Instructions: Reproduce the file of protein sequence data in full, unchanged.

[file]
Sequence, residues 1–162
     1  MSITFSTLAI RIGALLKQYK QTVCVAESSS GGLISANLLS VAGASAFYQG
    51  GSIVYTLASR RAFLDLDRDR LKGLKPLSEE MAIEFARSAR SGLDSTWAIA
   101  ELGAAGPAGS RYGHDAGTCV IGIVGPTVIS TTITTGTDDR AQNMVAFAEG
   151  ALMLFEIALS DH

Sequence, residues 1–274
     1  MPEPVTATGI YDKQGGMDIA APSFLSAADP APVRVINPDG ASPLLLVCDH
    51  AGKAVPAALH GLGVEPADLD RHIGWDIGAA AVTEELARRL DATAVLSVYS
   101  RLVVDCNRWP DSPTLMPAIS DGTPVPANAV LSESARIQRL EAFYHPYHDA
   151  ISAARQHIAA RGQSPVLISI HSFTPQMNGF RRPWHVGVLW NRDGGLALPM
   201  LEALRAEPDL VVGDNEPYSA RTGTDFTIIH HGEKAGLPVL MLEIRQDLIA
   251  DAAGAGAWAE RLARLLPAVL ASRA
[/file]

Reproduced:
Sequence, residues 1–162
     1  MSITFSTLAI RIGALLKQYK QTVCVAESSS GGLISANLLS VAGASAFYQG
    51  GSIVYTLASR RAFLDLDRDR LKGLKPLSEE MAIEFARSAR SGLDSTWAIA
   101  ELGAAGPAGS RYGHDAGTCV IGIVGPTVIS TTITTGTDDR AQNMVAFAEG
   151  ALMLFEIALS DH

Sequence, residues 1–274
     1  MPEPVTATGI YDKQGGMDIA APSFLSAADP APVRVINPDG ASPLLLVCDH
    51  AGKAVPAALH GLGVEPADLD RHIGWDIGAA AVTEELARRL DATAVLSVYS
   101  RLVVDCNRWP DSPTLMPAIS DGTPVPANAV LSESARIQRL EAFYHPYHDA
   151  ISAARQHIAA RGQSPVLISI HSFTPQMNGF RRPWHVGVLW NRDGGLALPM
   201  LEALRAEPDL VVGDNEPYSA RTGTDFTIIH HGEKAGLPVL MLEIRQDLIA
   251  DAAGAGAWAE RLARLLPAVL ASRA